originally posted by: darkorange
may be because black holes were born many but individually too small to counter and collapse back the entire caboom.))

This is kind of fringe, but Nicoderm Poplawski says our universe is a black hole, and we are in it now (personally I don't buy it).
Are We Living in a Black Hole? Our universe may reside within a vast, black hole.
I do agree with Poplawski that relativity is unlikely to be correct in its prediction of a singularity inside a black hole, a view shared by many. However, I'd expect the interior of a black hole to be something along the lines of a quantum version of neutronium, instead of what we see around us.


originally posted by: darkorange
and one more thing. I think it is safe to say that over all matter distribution in visible universe could be used to calculate number of massive black holes remaining.
I don't follow that argument and I don't think it's safe to say, but if you want to elaborate on the proposed methodology or cite some references feel free.

The reason I don't think you can do that is, we wouldn't be proposing WIMPs as a leading dark matter candidate for the dark matter that makes up most of the mass of the universe if we thought it could be in the form of black holes. I've never seen any calculation claiming to be accurate on exactly how much of the universe's mass is in black holes, however I've seen results of gravitational microlensing observations that put an upper limit on the mass of and number of black holes. The main conclusion from those observations seems to be that there must be a whole lot of other mass out there besides black holes and we don't know what it is.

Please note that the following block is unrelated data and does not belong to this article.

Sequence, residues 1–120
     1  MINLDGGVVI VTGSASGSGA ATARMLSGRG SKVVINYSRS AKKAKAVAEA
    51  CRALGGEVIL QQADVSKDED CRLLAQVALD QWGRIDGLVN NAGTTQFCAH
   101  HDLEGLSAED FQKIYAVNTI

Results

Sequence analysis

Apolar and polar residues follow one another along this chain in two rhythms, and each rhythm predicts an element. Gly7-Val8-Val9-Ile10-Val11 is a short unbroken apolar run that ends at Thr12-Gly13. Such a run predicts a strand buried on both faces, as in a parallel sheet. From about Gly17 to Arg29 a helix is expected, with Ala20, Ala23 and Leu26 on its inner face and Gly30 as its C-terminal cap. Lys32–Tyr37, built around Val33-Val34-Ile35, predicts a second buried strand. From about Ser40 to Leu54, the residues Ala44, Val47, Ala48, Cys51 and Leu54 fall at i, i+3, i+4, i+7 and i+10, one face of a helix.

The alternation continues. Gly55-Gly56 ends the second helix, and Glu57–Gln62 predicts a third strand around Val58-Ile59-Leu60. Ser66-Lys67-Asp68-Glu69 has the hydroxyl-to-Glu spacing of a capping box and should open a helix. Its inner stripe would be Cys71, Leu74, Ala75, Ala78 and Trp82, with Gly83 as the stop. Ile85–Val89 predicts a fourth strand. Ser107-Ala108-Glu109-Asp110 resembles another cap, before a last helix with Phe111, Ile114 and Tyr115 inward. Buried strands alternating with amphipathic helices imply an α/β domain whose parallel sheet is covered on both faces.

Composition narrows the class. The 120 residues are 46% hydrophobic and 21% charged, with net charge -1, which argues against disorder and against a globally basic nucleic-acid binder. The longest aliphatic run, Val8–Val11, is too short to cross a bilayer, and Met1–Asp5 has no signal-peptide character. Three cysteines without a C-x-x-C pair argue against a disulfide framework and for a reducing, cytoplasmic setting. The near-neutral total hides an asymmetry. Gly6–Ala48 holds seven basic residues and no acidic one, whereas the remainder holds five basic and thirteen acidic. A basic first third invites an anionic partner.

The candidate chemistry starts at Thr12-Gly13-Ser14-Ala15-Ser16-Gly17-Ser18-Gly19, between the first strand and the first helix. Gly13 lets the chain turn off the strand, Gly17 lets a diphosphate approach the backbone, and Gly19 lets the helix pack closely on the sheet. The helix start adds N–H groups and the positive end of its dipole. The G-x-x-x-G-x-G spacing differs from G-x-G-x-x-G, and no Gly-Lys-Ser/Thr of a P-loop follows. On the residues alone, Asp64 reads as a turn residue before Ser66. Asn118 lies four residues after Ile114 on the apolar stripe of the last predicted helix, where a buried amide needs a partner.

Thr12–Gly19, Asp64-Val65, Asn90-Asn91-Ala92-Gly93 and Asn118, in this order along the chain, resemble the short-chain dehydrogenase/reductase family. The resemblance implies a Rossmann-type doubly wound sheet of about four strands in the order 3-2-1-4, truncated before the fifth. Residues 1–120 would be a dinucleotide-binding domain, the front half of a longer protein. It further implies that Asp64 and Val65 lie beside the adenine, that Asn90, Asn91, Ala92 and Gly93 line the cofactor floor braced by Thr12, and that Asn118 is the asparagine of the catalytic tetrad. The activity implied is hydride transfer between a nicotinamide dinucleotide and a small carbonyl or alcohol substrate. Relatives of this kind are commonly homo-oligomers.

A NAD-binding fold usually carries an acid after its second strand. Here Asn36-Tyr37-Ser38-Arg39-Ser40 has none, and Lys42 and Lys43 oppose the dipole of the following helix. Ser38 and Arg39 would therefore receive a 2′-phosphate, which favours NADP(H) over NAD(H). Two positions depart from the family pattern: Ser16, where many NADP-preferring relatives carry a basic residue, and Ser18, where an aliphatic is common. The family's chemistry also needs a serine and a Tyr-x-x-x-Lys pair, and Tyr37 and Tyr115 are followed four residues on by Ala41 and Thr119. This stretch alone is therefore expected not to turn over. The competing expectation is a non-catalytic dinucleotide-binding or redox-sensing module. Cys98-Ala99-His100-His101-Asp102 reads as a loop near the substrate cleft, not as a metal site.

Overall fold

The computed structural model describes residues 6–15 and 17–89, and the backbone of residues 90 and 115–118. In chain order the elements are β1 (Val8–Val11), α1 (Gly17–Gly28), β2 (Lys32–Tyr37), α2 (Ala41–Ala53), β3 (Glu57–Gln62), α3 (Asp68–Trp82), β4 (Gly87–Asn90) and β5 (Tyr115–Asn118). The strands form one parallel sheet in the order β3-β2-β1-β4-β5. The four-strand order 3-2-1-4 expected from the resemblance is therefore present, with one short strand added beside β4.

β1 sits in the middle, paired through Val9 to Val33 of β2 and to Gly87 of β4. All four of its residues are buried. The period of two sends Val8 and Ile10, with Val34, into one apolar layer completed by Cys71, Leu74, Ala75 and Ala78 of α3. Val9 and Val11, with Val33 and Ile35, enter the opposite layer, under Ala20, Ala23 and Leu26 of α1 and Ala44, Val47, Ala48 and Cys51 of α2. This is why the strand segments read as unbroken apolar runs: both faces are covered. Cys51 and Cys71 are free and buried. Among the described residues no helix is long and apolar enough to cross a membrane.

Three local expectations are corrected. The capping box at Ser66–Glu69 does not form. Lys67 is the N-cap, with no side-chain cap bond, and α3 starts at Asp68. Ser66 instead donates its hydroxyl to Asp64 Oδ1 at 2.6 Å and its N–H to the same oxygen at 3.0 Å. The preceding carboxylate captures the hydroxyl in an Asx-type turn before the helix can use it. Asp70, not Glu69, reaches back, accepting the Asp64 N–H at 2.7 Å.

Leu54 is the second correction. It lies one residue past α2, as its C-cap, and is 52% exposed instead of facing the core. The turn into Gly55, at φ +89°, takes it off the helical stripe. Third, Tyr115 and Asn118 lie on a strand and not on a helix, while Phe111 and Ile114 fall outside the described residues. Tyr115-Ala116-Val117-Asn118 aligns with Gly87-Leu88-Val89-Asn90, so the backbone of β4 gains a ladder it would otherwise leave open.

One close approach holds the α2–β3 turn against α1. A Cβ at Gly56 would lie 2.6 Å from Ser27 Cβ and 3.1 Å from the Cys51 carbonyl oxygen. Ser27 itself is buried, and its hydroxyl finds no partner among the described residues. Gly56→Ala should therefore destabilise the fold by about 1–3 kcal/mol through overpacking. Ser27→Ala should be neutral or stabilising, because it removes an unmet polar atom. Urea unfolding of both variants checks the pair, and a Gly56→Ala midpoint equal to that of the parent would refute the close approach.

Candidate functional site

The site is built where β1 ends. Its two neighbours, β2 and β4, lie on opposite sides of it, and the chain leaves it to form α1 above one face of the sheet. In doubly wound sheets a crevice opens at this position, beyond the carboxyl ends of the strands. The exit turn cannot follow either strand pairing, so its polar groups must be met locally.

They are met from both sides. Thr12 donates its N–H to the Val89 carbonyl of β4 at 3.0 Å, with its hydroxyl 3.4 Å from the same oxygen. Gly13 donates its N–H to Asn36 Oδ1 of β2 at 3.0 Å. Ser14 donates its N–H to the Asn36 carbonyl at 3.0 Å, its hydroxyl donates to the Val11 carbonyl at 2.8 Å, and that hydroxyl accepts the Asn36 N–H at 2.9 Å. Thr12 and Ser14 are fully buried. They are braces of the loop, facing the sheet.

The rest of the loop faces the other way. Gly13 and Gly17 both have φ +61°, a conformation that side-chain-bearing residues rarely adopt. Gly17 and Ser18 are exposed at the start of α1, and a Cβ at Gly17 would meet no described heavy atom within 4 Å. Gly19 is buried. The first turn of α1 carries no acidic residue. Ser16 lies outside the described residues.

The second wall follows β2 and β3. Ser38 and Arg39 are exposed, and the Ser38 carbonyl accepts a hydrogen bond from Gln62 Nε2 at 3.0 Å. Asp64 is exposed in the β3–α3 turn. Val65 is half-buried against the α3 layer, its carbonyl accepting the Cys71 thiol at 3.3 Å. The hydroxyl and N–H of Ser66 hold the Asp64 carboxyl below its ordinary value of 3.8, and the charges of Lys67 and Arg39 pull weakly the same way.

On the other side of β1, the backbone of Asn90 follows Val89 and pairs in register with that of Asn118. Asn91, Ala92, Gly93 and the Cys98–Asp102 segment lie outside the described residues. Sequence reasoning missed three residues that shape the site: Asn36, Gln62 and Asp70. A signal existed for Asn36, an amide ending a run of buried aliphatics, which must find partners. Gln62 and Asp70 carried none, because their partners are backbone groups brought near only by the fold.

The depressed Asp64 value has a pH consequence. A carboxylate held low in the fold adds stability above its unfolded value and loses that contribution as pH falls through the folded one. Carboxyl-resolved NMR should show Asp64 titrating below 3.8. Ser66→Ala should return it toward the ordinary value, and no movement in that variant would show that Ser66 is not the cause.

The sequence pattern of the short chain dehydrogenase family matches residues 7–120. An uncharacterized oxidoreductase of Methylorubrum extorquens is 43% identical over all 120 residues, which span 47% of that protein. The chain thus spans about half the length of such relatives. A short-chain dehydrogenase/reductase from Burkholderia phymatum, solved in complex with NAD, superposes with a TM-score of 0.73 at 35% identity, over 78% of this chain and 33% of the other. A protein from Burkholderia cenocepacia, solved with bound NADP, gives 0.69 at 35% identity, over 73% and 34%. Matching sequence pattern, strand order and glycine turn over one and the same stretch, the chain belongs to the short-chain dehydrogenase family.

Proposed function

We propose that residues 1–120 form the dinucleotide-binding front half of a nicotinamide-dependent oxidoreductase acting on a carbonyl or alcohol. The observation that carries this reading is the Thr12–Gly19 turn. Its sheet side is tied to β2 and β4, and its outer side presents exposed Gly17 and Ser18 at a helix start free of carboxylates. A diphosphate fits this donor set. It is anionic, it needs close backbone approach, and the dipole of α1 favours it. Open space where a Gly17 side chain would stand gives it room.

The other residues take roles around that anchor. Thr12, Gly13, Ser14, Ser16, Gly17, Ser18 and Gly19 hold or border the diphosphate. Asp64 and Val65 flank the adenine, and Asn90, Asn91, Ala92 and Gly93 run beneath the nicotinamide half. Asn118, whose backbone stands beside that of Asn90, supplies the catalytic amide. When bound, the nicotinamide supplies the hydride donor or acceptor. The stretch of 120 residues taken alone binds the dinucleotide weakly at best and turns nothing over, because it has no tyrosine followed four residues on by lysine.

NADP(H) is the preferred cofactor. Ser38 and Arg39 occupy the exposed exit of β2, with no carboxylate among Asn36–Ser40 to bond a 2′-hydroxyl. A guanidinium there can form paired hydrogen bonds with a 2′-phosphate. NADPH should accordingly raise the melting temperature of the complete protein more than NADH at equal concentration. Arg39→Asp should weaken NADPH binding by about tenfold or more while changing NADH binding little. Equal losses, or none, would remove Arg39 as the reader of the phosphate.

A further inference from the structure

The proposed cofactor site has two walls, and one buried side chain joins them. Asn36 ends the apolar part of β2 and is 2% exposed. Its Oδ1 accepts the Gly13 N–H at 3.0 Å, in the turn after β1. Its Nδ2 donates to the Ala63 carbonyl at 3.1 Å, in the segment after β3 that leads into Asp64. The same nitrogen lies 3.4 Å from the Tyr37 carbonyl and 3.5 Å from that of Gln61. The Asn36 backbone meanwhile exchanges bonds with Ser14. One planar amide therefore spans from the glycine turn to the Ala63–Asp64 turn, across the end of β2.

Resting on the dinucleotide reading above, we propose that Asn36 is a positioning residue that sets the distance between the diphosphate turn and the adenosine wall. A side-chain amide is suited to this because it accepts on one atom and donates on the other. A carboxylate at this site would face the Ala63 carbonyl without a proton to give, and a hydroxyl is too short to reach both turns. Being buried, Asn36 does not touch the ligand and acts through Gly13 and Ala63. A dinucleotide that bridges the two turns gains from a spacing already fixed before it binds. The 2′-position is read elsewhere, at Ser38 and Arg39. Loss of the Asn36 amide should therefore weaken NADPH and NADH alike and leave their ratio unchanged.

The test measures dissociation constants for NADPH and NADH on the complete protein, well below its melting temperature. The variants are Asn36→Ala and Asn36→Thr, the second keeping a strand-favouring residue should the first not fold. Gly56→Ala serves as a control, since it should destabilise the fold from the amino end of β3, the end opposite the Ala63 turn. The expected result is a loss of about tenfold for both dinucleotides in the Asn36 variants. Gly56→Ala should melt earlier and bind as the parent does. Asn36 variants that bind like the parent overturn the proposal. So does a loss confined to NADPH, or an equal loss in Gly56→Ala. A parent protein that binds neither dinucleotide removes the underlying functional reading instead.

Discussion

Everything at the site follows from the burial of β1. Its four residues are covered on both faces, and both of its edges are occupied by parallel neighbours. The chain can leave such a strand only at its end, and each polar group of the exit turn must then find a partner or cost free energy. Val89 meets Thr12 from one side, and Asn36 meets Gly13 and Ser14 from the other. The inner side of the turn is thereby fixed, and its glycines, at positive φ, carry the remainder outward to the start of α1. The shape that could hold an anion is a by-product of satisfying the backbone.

originally posted by: bottleslingguy
doesn't "physics" tell us there are like 11 of them?

a reply to: Arbitrageur
No, though I can see how people who get their physics from TV shows like "Through the wormhole" might get that idea.
We have a well established theory that explains where the sun's energy comes from with lots of observational evidence supporting it. A hydrogen fusion bomb demonstrates dramatically how much energy can be released through the fusion of hydrogen.

We don't have any well established theory for 11 dimensions, and I'm not aware of any observational evidence supporting such a claim. There's no shortage of people working on such ideas, but until we have more evidence to support them, they are just ideas.